The E Class ancestry goes all the way back to the mid 1930s, but it was not until 1993 that the E Class nomenclature was adopted. Previously, the E was used to denote the engine size (Example: 230E). Technically, the E Class came to life in 1996 during the W210 generation (1996-2003). The E Class is to Mercedes-Benz what the Camry is to Toyota. It pushed Mercedes-Benz into the upper market, and it finally had a formidable competitor to the BMW 5 Series. This was the generation in which specific E Class design traits would develop such as the quad head lights (four separate headlights) and singular taillights. As the years passed by, the E Class continued to grow in size and importance. Until recently, the E Class was Mercedes-Benz’s best selling model. Now in its third generation, it was refreshed for the 2014 model year with exterior and mechanical tweaks.
With the facelift, Mercedes-Benz intended to create a youthful look in order to appeal to younger customers. In doing so, they ditched the quad headlights in favor of uniform high intensity headlights. While it looks edgy, some of the elegance has been lost. My biggest peeve with the front is the bumper. The bumper design comes with the Sport trim. It is too fussy and overwrought for my taste and adds to the front’s inelegance. The side profile is distinguished by a rising belt line which extends to the trunk while the side is adorned by a well defined character line. The rear is not as uncluttered as the front, and there is a pleasing effect to it. However, the rear diffuser which also comes with the Sport trim mars the look of the rear. The E Class is still a fine looker. It’s just that my preference is skewed towards simple designs which is why I do not expect other people to share my opinion regarding the styling. The interior is tasteful and polished with enough luxury touches to add to its appearance.
There are two versions of the E350: Sport or Luxury. This Sport trim is equipped with a stiffer suspension and lower profile tires than the aforementioned Luxury trim. With that in mind, body control is remarkable for such a grand sedan. The body stays impressively planted, and tire grip is lasting. Turn the wheel, and the car reacts with alarming precision. The steering can be slightly vague on center but it has decent feedback overall. It is light but weights up in a linear manner as speeds increase. With the stiff suspension, the ride quality is not what you would expect in a Mercedes-Benz. The ride is firm, and road imperfections become noticed. It is not intrusive, but if you want a comfortable ride quality, you are much better off with the Luxury trim.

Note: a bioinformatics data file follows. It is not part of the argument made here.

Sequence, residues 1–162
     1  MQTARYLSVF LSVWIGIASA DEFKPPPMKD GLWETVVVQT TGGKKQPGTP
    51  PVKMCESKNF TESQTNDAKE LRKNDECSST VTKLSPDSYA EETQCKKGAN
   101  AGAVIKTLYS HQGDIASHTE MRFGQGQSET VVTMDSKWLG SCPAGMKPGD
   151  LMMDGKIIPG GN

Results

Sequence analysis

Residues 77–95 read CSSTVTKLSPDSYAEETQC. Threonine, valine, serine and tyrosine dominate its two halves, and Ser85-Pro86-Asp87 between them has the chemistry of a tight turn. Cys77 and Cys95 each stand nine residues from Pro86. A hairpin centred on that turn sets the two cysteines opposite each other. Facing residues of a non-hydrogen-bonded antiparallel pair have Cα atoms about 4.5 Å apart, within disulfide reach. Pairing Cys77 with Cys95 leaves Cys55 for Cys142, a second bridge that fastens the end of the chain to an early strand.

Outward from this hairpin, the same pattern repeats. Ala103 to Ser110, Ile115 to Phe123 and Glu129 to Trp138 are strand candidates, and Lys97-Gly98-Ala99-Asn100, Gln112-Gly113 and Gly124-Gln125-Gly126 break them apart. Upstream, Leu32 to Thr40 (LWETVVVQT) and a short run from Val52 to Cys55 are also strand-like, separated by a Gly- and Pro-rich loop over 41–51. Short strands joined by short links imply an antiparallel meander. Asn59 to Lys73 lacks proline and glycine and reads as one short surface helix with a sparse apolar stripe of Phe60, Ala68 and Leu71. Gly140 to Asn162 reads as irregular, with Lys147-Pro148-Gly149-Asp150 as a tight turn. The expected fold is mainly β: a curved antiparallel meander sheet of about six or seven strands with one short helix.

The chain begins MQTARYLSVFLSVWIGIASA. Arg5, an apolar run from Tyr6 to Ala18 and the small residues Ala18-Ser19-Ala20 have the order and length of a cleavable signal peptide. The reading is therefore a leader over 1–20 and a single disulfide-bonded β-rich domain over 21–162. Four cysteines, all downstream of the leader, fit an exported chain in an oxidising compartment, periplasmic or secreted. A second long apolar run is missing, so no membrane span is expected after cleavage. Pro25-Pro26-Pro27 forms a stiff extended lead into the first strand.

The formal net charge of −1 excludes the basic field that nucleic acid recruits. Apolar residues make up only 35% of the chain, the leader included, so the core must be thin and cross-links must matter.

For 2012, the E Class received a new engine upgrade. The 3.5 liter V6 engine was upgraded from 268 to 302 horsepower. It is mated to a seven speed automatic transmission. The V6 provides effortless and abundant power. It never feels strained, and its impressive flexibility renders the E550’s V8 irrelevant. The seven speed automatic transmission is smooth, but can occasionally lurch. The stop start function can be problematic. It shuts the engine off in order to save fuel economy but it is noticeably abrupt. It shuts off as you are coming to a stop with your foot on the brake and restarts when you press the accelerator. It also shuts off when you are moving at low speeds, so if you are trying to move slowly into a parking spot, the engine will shut off. It can be turned off though. Fuel economy is decent at 23 mpg overall.
The interior is well finished. It is well assembled and it exhibits impressive attention to detail. There are some nice luxury touches such as an upscale analog clock. One unusual thing I love about the gauges is the “magic” needle for the speedometer. It looks like the needle is moving on its own. The ambiance is classy and unmistakeably Mercedes-Benz. The seats are cushy, and they offer excellent support. Same goes for the rear seats. Visibility is excellent thanks to the big windows and slim pillars. The E350 is brimming with technology. It has front and rear cameras as well as a parking assist system and the usual array of blind spot detection and adaptive cruise control systems. Controls in general are intuitive although scrolling through the menus via the multifunction controller can be tedious. The gear lever can be an issue as you have to press a button in order to shift to Drive. Thankfully, the AC is not integrated within the navigation, and the radio controls are easy to access. Speaking of access, access is excellent. The cabin is roomy as well, and the trunk is large.
If you are in the market for a midsize luxury sedan with enough room for your family and decent driving dynamics, this will not disappoint. I generally do not like Mercedes-Benz, but what I like about this car is how serene you feel. I do not have a palpable reason as to why, but the E350 gives off a feeling of familiarity. Nowadays, cars are becoming needlessly complicated, and there are talks of cars that drive themselves. When I was driving the E350, I felt at home. The seats are inviting, and once you get past the initial complexity of the controls, driving the car feels…natural. Like I said, I do not have any tangible reasoning as to why, but I really feel the reason why this car sells so well is because of how easy it is to drive and how comfortable it is. In a society where luxury cars are either too hard riding or not engaging enough, the E350 provides an ideal balance even though it is not as comfortable as the older generations. For a midsize luxury sedan that provides an inviting blend of decent handling and comfort, the 2014 Mercedes-Benz E350 is hard to beat.